So much complexion? Look ye, how they change!
    Their cheeks are paper. Why, what read you there
    That hath so cowarded and chased your blood
    Out of appearance?

CAMBRIDGE: I do confess my fault;
    And do submit me to your highness' mercy.

GREY    |
        | To which we all appeal.

KING HENRY V: The mercy that was quick in us but late,
    By your own counsel is suppress'd and kill'd:
    You must not dare, for shame, to talk of mercy;
    For your own reasons turn into your bosoms,
    As dogs upon their masters, worrying you.

I hope this is the last thing I will have to say on the matter.

WikiMedia, Clean Architecture, and ADR

tl;dr: Action-Domain-Responder is a natural fit for the HTTP user-interface portions of Clean Architecture (or Hexagonal), especially with Domain Driven Design. Just be sure to remember to separate the HTTP response presentation from the action code.


Jeroen de Dauw has a fantastic post on Implementing the Clean Architecture in PHP, with Domain Driven Design elements. You should read the whole thing, and examine the implementation codebase, for a number of useful insights. Though I might quibble over some elements of the implementation, I think it is a good offering, and serves as a solid reference point.

In his article, Jeroen notes they are using Silex for their HTTP user-interface system, and describes the logic of each route action:

Inside this [Silex action] we construct our framework agnostic request model and invoke the Use case with it. Then we hand over the response model to a presenter to create the appropriate HTML or other such format.

That is a very near paraphrase of Action-Domain-Responder:

  • The Action marshals input from the HTTP request
  • The Action invokes a Domain element with that input and gets back a result
  • The Action passes that result to a Responder to build the HTTP response

In Jeroen’s implementation, each Action is a closure defined in the routes.php file. The Action marshals input from the HTTP request using a “request model” (an input object tailored to the domain) and passes it to a “use case.” Each “use case” is an entry point into the Domain, and returns a “response model” (the domain result).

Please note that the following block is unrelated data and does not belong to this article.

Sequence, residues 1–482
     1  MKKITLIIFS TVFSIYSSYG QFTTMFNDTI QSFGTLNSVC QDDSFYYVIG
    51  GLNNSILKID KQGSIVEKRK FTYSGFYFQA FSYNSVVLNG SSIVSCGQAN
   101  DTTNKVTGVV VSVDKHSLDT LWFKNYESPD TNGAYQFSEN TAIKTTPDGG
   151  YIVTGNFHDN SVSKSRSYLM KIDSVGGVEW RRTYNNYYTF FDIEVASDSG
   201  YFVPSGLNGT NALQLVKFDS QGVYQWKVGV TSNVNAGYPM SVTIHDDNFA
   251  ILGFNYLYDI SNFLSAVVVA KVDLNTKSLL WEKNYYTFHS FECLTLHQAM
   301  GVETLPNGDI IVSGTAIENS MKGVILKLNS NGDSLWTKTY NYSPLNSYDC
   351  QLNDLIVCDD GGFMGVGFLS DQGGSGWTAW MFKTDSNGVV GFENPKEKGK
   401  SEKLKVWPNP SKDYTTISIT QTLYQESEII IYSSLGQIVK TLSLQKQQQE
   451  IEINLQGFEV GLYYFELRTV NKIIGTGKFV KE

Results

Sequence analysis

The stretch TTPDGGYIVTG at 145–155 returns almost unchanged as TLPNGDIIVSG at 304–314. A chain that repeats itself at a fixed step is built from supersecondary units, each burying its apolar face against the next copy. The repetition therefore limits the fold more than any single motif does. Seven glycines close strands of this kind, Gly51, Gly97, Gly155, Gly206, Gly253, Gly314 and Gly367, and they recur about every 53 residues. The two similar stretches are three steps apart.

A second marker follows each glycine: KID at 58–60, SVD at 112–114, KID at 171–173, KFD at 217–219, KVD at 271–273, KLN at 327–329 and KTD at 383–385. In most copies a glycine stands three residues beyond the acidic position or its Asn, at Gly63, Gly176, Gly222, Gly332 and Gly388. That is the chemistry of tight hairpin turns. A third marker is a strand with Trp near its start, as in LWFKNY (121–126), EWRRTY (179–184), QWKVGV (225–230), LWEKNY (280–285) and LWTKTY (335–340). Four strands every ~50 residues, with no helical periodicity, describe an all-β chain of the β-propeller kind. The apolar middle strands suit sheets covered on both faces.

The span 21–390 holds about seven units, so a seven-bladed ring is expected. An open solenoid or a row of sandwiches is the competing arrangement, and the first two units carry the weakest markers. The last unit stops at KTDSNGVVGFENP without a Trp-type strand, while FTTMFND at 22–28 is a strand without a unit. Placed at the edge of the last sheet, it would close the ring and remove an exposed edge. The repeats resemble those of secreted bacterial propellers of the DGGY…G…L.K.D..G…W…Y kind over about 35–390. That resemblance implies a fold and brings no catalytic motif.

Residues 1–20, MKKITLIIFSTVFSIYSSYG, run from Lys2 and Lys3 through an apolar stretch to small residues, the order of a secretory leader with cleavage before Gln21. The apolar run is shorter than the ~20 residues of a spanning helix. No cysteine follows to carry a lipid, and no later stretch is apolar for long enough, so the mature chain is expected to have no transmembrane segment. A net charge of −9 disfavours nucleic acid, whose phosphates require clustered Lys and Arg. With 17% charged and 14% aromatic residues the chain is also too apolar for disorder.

The only place where Jeroen’s implementation deviates from ADR is that the Action code builds the presentation itself, instead of handing off to a Responder. (This may be a result of adhering to the idioms and expectations specific to Silex.)

Because the rest of the implementation is so well done, refactoring to a separated presentation in the form of a Responder is a straightforward exercise. Let’s see what that might look like.


First, as an example, review the code in the check-iban action. The following reorganization of that action code makes the ADR pattern more obvious:

    function( Request $request ) use ( $app, $ffFactory ) {

        // marshal input
        $input = new Iban( $request->query->get( 'iban', '' ) );

        // invoke domain and get back result
        $result = $ffFactory->newCheckIbanUseCase()->checkIban($input);

        // presentation
        return $app->json(
            $ffFactory->newIbanPresenter()->present( $result )

Very clear and straightforward. However, the presentation work is embedded in the action with the $app->json(...) call. (My guess is that’s probably a result of working with existing Silex idioms.)